Finding Helen

I decided to take a break from my Mays family this weekend. I love them, but they’re migraines waiting to happen. Researching the Mays family gives me the same feeling I get after I’ve taken a dose of Benadryl. Like I’ve got a head full of fog.

When I got started, I just typed in Helen Menzies at FamilySearch. She’s one I have information on but I still wasn’t able to find her after she left the family house between the 1841 and 1851 England censuses. I know from William Menzies letter that Helen/Ellen was married to a man named Charles, who traveled, and she had more than one son.

I found this record on FamilySearch and it matches beautifully!

What I like about this record:

  1. I like that it shows the use of the name Ellen. Helen seems to have gone by that name on a day to day basis in her adult years.
  2. I like the husband’s name of Charles. For some reason the Scott also sounds familiar but none of my records show anything for that so I’m not going to put stock in that one.
  3. Liverpool, England as the place of marriage. The Menzies family spent a lot of years in Liverpool. It makes perfect sense that Helen would have been married there.
  4. Father listed as John Menzies. Helen’s father is John Menzies! It would be more extraordinary if John had a more unique name but I like that John matches.
  5. Birth year of 1833. I have Helen’s birth year to be around 1832 because of her entry in the 1841 England census.

What I don’t like about this record:

  1. I don’t like that the mother isn’t listed. I indexed British marriage records for FamilySearch though, so I know that they don’t show the mother on the record. What they do show is Father and father’s occupation. If I look at the microfilm and find Sawyer listed as John’s occupation, I’ll be 100% convinced.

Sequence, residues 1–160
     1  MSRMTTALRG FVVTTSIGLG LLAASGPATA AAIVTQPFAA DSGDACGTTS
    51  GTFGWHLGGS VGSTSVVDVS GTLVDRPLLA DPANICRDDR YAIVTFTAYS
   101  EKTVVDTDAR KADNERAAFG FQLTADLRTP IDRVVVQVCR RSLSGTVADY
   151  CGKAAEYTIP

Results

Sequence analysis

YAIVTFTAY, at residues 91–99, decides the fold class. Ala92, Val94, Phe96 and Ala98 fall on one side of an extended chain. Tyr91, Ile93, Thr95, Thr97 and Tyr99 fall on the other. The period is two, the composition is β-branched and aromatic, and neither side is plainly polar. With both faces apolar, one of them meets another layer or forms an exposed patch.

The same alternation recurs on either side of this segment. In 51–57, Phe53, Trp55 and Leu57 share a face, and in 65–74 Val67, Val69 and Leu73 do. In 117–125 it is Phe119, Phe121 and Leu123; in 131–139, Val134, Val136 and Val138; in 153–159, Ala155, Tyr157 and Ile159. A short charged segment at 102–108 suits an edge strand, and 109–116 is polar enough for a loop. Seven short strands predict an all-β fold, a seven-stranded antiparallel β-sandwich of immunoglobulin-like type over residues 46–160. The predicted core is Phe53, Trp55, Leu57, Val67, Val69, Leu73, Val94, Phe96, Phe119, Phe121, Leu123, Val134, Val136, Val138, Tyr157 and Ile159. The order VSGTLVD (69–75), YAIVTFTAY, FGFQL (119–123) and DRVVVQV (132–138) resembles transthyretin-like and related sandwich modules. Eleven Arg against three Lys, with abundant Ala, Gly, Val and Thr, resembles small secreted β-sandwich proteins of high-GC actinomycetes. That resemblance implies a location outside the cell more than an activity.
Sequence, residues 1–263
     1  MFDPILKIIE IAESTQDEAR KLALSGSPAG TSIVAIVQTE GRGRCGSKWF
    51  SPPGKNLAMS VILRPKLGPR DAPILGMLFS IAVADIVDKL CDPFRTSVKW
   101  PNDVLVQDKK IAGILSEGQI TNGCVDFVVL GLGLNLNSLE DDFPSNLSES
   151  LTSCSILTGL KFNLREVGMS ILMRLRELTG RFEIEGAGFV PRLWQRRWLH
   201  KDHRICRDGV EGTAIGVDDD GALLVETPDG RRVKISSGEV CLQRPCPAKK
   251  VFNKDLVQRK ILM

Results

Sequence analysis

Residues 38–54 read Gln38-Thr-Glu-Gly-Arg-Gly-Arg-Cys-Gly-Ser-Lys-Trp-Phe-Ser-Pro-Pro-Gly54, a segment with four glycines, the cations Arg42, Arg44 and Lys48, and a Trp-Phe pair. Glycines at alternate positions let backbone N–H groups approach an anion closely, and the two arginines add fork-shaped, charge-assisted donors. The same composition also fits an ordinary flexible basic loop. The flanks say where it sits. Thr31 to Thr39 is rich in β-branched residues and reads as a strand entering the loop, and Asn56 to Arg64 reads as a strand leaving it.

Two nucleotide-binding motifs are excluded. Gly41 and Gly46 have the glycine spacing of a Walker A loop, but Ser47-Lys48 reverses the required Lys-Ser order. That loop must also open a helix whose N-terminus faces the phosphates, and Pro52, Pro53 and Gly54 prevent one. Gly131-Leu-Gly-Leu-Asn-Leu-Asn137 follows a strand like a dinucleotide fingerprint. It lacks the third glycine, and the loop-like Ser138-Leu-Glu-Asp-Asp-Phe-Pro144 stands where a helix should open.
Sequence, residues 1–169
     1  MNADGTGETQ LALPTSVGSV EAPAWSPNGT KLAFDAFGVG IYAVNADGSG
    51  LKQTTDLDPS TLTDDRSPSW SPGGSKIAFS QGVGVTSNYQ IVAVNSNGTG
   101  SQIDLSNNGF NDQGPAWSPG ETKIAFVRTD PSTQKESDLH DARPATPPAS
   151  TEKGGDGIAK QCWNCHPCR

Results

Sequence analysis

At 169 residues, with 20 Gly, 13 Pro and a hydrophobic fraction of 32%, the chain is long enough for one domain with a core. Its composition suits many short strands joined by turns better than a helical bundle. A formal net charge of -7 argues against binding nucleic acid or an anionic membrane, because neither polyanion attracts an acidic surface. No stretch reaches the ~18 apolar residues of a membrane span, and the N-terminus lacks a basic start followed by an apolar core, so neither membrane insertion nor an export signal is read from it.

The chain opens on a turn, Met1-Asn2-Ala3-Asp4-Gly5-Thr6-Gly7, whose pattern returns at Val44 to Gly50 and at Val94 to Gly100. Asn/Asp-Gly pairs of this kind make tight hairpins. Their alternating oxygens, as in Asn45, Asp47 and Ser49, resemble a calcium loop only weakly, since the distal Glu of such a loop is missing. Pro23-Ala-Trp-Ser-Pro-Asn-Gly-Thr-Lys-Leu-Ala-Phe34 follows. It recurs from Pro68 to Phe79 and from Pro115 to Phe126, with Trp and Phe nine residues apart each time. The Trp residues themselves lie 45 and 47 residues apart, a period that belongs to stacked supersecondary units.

2. I don’t like the date of 1853. Helen isn’t living with her parents in the 1851 census, so where was she?

The next obvious step was to look at the 1861 census which would have been the first after Helen and Charles’ wedding.

What I like about this record:

  1. Helen’s birth year and birthplace. I have a Christening record for Helen in Morton by Thornhill, Dumfries, Scotland. So this fits perfectly.
  2. Jane as the name of the oldest daughter. As per the Scottish naming patterns I posted about previously, this fits perfectly. Helen’s mother’s name was Jane Ferris-Menzies.
  3. James as the name of the oldest son. If you look at the marriage record above. James Scott is listed as Charles’ father. This also fits in with the naming pattern.
  4. John as the name of the second son. Again, the naming pattern fits. John was Helen’s father.
  5. Believe it or not, I like that Charles isn’t listed on this census. I know that sounds weird but from William’s letter, I got the impression that Charles was away from home for business a lot. In 1863 he was away from home when one of his sons passed away. So his absence fits in with what I know about the family. It would also make sense if the 29 year old John Scott is Charles’ brother and is living with the family while Charles is gone.
  6. Living in a suburb of Liverpool. Again in William’s letter, he mentions that Helen lives in Liverpool and he wants to visit her or have her come to him.

What I don’t like about this record:

  1. There isn’t anything I don’t like about this record. It’s all very helpful!

Another thing about this census record, it shows that Helen’s 2 older children were born in Liverpool and her youngest in Scotland. The 29 year old John Scott is also listed as being born in Scotland. If he is really Charles’ family, then this would make sense on why they followed the Scottish naming patterns so closely.

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